But I rejoiced in the Lord greatly, that now at last you have revived your concern for me; indeed, you were concerned before, but you lacked opportunity. (Philippians 4:10)
The first strand of Paul’s contentment is this: He has complete confidence in God’s providence.
Let me give you a little background. Ten years have passed since the last Philippian gift was sent to him. It has been 10 years since he arrived in Philippi, preached the gospel there, and was thrown in jail. It has been 10 years since the earthquake released all the prisoners and the Philippian jailer was converted to Christ. The Philippian church had sent him some gifts of support soon after he left, but for the past 10 years there had been no more support.
And Paul was alright with that. He understood that the lack of support wasn’t because the Philippians weren’t concerned about him, but because they didn’t have any opportunity to help him. We don’t know why they lacked opportunity — perhaps it was their poverty, or because it was hard for them to track Paul down. Regardless, Paul understood.
But when, after 10 years, Epaphroditus came with a gift from the Philippians, that was a happy moment. Paul says, “I rejoiced in the Lord greatly, that now at last you have revived your concern for me.”
That’s a beautiful word, that word “revived;” it’s a horticultural term that means to bloom again. “Your love has bloomed again,” Paul says. The love had always been there, but it hadn’t had an opportunity to bloom until now.
You say, “What’s the point?” The point is this: The apostle Paul had a patient confidence in God’s sovereign providence. You see that all through his life. He could do without and, waiting on the Lord, be content. He knew it was all in God’s hands, and if God gave a proper season, then those things that should be expressed would be expressed.
There was no panic in Paul’s heart; there was no need to manipulate people. There was no turning of the screws, as it were, to get what he thought he wanted or needed out of someone. He was certain that God, in due time, would order the circumstances so that his needs would be met. He just waited patiently until the Lord made it happen.
The reason this man was content was because he knew that the times and seasons and opportunities of life are controlled by a sovereign God. Until we learn that, we will never be content. We must come to the place in our lives where we understand that God is ordering everything for His own holy purposes, is working all things after the counsel of His own will, and is making all things work together for good. Until we understand that, we will always be discontent. We will take on the responsibility of organizing our own lives.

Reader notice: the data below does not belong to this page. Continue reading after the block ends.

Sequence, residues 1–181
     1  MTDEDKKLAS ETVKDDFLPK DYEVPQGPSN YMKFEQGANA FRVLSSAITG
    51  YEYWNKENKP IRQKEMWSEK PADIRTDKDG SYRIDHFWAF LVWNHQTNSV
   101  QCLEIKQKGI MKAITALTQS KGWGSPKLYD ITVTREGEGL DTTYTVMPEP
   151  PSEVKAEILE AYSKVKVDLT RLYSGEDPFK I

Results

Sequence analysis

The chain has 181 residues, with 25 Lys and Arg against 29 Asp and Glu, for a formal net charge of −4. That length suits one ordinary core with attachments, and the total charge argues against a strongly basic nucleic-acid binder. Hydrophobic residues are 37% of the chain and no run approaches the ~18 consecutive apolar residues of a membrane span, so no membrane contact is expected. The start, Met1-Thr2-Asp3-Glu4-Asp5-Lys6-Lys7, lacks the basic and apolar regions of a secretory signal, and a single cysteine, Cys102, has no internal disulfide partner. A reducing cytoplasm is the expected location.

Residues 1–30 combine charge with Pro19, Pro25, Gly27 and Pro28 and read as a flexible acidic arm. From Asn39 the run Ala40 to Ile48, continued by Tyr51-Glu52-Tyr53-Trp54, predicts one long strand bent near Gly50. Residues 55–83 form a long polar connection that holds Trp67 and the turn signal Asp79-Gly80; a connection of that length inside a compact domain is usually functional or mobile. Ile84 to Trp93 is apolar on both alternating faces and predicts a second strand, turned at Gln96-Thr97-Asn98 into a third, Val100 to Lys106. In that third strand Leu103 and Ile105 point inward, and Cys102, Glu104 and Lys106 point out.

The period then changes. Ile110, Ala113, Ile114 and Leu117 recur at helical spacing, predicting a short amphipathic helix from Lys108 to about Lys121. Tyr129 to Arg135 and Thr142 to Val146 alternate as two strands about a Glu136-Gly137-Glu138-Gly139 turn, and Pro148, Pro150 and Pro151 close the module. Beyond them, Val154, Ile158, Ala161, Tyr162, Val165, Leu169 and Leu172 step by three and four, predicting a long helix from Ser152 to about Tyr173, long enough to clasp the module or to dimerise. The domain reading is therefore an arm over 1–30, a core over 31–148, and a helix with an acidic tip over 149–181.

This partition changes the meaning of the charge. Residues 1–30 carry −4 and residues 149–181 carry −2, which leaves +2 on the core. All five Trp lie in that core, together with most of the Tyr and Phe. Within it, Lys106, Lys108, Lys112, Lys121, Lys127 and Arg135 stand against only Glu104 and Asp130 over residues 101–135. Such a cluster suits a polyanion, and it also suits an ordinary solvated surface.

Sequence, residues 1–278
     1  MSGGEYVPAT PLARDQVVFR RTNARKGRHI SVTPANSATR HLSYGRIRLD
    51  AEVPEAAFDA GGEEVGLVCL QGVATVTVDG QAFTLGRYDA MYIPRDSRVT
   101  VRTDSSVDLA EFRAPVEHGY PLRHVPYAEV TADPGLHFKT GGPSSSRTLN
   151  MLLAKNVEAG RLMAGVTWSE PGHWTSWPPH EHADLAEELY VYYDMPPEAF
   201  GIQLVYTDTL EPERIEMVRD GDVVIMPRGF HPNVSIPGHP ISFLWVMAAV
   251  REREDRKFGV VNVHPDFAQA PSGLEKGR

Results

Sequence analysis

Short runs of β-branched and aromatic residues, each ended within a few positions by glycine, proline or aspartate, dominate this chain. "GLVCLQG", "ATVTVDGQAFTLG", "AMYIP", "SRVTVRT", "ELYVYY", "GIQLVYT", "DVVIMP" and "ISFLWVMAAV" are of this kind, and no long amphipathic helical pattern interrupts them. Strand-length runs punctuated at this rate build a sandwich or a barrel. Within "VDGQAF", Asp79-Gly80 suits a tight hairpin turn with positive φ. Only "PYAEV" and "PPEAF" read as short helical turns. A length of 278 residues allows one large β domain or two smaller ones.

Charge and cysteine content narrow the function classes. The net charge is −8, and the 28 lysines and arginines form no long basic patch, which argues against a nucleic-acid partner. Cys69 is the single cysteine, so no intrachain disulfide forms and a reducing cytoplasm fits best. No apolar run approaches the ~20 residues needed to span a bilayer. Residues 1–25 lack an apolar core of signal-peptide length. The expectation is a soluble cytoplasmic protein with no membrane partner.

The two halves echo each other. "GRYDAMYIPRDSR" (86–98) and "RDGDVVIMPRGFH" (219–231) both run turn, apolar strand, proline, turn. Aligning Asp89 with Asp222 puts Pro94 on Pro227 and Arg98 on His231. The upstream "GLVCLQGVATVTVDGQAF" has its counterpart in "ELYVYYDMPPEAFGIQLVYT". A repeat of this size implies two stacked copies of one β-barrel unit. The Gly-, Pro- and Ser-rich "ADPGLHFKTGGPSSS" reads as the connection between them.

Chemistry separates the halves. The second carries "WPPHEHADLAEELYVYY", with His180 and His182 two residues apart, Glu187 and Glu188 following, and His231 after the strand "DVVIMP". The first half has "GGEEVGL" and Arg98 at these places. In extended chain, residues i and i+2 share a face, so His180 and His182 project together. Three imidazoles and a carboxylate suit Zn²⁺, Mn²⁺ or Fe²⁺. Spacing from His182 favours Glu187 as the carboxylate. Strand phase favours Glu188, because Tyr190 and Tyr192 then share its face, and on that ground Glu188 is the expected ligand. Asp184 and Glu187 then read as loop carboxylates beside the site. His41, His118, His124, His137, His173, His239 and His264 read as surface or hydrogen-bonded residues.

Discontent comes when we want to control everything. That is usually a direct result of a failure to understand that everything is already under control, and somebody better than us is running it. See, Paul was fully confident that God was in charge and would order events to meet his needs. This is what we call “providence.”
Providence is a term to indicate that God provides. But it also means more: It means that He orchestrates everything to accomplish His purpose.
There are two ways that God can act in the world: by miracle and by providence. A miracle is something that has no natural explanation. It has nothing to do with what is normal. Raising someone from the dead is a miracle. Dividing the Red Sea so the Israelites can walk across is a miracle. A miracle invades the natural with the supernatural.
Providence, on the other hand, is when God takes all of the diverse elements of normalcy and orchestrates them to accomplish His own purpose.
Personally, I believe that providence is a bigger miracle than a miracle. It must be easy for God to just say, “Hold it, I want to do this,” and do it. That is much easier than saying, “I’ve got 50 billion circumstances that I’ve got to orchestrate to accomplish this one thing.” That’s providence.
When you come to understand that a sovereign God is not only sovereign by supernatural intervention, but by natural orchestration, you have confidence and contentment.
Paul was not frustrated. He was fully confident that God was in charge. And as long as God was in charge, everything was going to be fine. So, he was content.
This is where contentment starts. You will never know a contented heart until you believe that a sovereign God is ordering everything for your good and His glory. As long as you feel that things are out of control and you’ve got to get a hold of them and make them happen, you’ve got a problem.
Every time I see a discontent person, my first reaction is to give them a lesson on the sovereignty of God. I don’t try to patch up their discontent with some kind of counsel, but rather I talk about the God in whom they evidently do not trust, or do not know, who is ordering everything according to His own plan.
This is why all things work together for good for those who love God and are called according to His purpose — because God is in control.
This post is based on a sermon Dr. MacArthur preached in 1989, titled “The Secret of Contentment, Part 1.”
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